b) Download and save to the disk file from the link (http://support.smartbear.com/viewarticle/8999/)

    c) Explicitly start Adobe Reader from your test code;

    d) Open saved file in Adobe Reader;

    e) Proceed with your existing code :)



    Thoughts?

10 Replies

  • hlalumiere's avatar
    hlalumiere
    Regular Contributor
    You don't actually need to download the file manually before opening it in AcroRead. You can feed Acrobat Reader an URI directly! Although for some reason this doesn't work from the command line. If however you open up AcroRead, press Ctrl-O and type in the web address, the file will download silently and show up when it`s done. I think this also works with FoxIt reader.
  • AlexKaras's avatar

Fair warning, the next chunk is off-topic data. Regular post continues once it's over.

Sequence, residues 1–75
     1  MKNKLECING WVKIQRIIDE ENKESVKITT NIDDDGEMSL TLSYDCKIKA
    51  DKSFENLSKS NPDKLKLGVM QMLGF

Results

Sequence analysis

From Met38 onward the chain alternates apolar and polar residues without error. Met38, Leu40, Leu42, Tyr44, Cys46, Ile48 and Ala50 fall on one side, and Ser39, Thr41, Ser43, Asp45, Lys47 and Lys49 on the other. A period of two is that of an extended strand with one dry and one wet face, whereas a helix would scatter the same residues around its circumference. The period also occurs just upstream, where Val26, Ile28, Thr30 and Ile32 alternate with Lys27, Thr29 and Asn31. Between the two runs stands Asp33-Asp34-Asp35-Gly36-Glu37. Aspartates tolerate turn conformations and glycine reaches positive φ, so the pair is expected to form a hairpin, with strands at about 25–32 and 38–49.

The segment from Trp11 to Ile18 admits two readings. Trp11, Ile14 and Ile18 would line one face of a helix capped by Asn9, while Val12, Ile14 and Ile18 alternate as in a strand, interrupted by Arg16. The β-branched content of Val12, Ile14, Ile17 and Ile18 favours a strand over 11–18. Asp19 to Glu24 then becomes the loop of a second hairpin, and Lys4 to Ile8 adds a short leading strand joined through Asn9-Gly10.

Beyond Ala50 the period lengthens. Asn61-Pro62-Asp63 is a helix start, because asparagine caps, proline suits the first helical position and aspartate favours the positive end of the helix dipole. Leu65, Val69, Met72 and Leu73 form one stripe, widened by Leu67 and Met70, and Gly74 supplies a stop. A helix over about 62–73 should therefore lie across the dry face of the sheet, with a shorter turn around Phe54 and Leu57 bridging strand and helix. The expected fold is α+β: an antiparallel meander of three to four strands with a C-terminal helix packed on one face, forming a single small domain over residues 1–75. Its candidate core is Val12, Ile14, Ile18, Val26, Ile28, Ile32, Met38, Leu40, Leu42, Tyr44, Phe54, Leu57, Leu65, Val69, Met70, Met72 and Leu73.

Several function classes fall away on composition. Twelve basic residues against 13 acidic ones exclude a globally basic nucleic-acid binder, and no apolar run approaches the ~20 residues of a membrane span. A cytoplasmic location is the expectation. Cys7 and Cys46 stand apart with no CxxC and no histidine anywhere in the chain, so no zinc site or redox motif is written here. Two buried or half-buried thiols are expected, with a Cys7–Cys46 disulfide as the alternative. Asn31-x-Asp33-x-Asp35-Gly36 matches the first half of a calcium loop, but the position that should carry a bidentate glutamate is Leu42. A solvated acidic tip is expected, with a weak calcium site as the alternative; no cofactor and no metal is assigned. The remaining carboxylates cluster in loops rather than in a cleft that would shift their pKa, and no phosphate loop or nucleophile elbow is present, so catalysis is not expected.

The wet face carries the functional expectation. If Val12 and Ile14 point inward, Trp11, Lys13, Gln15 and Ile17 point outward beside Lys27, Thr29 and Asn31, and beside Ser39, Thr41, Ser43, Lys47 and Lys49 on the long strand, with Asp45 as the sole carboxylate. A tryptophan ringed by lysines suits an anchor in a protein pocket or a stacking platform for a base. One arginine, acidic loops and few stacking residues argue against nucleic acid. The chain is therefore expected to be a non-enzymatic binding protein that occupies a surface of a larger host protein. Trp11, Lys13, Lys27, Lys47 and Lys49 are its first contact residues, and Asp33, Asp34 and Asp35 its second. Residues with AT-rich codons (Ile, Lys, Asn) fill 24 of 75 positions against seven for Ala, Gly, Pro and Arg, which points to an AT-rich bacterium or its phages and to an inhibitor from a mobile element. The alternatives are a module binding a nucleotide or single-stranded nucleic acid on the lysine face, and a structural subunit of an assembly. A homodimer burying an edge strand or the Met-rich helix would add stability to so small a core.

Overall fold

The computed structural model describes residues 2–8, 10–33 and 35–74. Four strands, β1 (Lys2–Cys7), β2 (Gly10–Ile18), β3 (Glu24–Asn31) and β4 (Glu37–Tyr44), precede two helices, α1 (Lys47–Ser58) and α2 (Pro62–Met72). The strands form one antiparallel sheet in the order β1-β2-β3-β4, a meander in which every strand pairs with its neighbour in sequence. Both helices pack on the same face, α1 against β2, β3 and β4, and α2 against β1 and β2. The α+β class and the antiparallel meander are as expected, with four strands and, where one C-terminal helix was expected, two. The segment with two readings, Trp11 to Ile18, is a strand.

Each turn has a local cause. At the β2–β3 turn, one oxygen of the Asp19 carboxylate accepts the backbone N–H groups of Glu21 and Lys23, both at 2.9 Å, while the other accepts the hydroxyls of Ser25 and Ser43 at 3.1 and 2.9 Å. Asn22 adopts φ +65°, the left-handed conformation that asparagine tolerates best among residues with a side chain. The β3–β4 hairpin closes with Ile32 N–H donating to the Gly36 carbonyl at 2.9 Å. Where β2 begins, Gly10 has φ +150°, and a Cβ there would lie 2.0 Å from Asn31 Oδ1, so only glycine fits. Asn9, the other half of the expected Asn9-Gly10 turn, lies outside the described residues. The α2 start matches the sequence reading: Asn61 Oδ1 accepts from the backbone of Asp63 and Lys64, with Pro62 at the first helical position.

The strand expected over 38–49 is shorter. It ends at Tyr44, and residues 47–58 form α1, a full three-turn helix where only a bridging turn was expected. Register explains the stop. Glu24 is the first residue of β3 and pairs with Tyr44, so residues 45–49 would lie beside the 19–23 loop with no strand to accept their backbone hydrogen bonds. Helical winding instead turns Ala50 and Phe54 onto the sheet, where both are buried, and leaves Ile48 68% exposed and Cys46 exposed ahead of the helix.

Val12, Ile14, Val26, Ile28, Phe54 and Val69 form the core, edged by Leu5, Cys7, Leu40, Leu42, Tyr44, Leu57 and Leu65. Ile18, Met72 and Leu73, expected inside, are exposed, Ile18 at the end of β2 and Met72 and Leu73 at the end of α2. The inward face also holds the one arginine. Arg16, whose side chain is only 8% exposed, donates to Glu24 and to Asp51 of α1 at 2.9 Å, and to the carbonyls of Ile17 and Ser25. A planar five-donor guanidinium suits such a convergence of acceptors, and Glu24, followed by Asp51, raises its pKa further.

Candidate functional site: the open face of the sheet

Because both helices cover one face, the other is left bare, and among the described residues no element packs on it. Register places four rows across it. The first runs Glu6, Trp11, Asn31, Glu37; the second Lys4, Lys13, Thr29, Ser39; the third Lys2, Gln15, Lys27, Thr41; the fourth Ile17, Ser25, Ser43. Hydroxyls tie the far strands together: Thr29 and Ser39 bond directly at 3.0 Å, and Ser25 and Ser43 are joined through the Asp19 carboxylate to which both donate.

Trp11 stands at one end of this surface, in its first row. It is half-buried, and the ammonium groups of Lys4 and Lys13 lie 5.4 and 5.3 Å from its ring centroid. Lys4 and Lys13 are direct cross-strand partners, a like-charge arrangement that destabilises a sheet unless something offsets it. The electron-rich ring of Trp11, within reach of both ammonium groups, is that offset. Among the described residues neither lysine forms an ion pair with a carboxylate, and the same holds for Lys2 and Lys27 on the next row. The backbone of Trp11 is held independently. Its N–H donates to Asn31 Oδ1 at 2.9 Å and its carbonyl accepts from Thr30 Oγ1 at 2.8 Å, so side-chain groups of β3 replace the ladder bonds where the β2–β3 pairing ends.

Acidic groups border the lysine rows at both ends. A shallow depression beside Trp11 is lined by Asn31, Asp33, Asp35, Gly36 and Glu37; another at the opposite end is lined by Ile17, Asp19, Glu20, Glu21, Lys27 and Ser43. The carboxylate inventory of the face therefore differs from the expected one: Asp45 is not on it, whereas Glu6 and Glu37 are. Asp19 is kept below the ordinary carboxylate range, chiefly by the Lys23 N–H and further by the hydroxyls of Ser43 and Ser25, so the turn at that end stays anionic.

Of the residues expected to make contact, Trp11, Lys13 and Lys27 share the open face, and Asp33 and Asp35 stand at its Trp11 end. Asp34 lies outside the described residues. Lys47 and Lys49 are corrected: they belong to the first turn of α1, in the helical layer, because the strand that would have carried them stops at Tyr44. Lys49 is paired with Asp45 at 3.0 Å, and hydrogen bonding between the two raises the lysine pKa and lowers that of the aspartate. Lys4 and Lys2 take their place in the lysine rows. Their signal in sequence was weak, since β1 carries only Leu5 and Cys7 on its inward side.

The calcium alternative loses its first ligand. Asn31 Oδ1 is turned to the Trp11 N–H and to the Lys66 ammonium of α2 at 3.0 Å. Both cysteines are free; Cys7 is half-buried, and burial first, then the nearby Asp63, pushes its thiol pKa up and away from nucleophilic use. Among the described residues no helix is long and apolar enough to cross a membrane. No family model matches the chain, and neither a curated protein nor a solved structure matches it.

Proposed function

AlexKaras
    Champion Level 3
    Hi Steve,



    Just a quick idea: what if you will not click the link (well, all at all you are not testing that the given browser opens pdf reader when you click the link that references pdf file, are you?), but instead:

    a) (Optionally) analyse that the link has correct structure (this is to be on the safe side and guarantee (more or less) that for the correctly set browser the pdf reader should be opened);

    b) Download and save to the disk file from the link (http://support.smartbear.com/viewarticle/8999/)

    c) Explicitly start Adobe Reader from your test code;

    d) Open saved file in Adobe Reader;

    e) Proceed with your existing code :)



    Thoughts?
  • AlexKaras's avatar
    AlexKaras
    Champion Level 3
    Hi Steve,



    Great to hear that the idea appeared to be acceptable for your needs. :)



    > Just to check what you meant in "a)" [...]



    Yes, your understanding is correct.



    > msxml3.dll System error: -2146697191 [...]